Justia Summary

Members of Muslim communities filed a putative class action, claiming that the government subjected Muslims to illegal surveillance. The Foreign Intelligence Surveillance Act (FISA) provides a procedure for consideration of the legality of electronic surveillance conducted under FISA, 50 U.S.C. 1806(f). The district court dismissed because litigation of the claims “would require or unjustifiably risk disclosure of secret and classified information.” The Ninth Circuit reversed, holding that FISA displaced the state secrets privilege.

The Supreme Court reversed. Section 1806(f) does not affect the availability or scope of the privilege for state and military secrets. The absence of any reference to the state secrets privilege in FISA indicates that the availability of the privilege was not altered.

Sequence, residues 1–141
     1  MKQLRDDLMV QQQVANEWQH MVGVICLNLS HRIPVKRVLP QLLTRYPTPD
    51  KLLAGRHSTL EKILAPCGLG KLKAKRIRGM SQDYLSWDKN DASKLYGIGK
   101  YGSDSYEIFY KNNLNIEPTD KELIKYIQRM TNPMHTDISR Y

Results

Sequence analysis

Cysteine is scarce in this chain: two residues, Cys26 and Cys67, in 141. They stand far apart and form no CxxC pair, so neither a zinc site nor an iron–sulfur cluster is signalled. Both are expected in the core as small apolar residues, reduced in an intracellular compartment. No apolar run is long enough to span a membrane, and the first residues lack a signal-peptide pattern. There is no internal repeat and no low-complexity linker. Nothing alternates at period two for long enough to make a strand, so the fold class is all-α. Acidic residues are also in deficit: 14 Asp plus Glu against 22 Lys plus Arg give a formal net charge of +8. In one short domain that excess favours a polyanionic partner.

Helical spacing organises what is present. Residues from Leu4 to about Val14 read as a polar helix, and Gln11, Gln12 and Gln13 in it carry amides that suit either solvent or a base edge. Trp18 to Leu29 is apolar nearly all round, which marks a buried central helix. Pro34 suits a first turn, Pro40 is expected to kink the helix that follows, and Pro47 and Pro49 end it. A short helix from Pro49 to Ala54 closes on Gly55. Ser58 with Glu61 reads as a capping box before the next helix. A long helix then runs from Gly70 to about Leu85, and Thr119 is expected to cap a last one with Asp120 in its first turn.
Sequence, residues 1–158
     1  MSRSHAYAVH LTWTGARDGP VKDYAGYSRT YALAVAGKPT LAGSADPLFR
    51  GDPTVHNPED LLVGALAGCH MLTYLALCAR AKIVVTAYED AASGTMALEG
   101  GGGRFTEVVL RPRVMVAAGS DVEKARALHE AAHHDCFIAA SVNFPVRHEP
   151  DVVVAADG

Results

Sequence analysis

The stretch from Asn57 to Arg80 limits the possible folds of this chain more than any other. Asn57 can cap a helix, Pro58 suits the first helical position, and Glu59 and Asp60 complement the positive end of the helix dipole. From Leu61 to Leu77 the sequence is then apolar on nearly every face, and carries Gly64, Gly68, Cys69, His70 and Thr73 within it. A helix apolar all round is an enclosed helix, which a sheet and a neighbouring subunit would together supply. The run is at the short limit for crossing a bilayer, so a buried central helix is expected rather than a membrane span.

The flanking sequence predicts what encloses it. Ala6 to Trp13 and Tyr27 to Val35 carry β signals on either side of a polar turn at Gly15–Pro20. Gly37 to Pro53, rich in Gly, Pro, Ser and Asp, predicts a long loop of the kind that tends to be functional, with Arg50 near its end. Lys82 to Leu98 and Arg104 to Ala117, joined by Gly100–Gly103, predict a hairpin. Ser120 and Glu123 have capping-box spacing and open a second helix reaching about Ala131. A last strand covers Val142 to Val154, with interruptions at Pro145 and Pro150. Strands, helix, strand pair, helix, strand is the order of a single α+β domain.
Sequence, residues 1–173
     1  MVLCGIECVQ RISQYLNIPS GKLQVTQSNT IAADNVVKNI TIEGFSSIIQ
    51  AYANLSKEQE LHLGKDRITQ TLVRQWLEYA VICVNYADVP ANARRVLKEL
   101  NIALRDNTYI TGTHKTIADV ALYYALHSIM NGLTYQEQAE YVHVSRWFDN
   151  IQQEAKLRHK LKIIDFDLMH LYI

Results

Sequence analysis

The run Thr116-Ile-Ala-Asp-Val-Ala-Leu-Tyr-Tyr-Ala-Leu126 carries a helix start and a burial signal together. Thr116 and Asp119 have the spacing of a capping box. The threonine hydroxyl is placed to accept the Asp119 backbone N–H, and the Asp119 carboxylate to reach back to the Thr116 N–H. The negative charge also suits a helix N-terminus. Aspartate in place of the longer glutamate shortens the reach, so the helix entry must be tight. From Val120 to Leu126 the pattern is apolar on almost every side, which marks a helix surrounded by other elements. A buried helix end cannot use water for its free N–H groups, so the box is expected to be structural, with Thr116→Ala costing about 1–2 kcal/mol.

Nothing about section 1806(f) is incompatible with the state secrets privilege. The central question under 1806(f) is whether the surveillance was lawfully authorized and conducted. Under 1806, a court cannot award relief if the evidence was lawfully obtained, whereas a court considering the state secrets privilege may order the disclosure of lawfully obtained evidence if it finds that disclosure would not harm national security. Inquiries under 1806(f) allow “review in camera and ex parte” of materials “necessary to determine” whether the surveillance was lawful. Under the state secrets privilege, however, examination of the evidence “even by the judge alone, in chambers,” should not be required if the government shows “a reasonable danger that compulsion of the evidence” will expose information that “should not be divulged” in “the interest of national security.” The Court did not decide which party’s interpretation of 1806(f) is correct, whether the government’s evidence is privileged, or whether the district court was correct to dismiss the claims on the pleadings.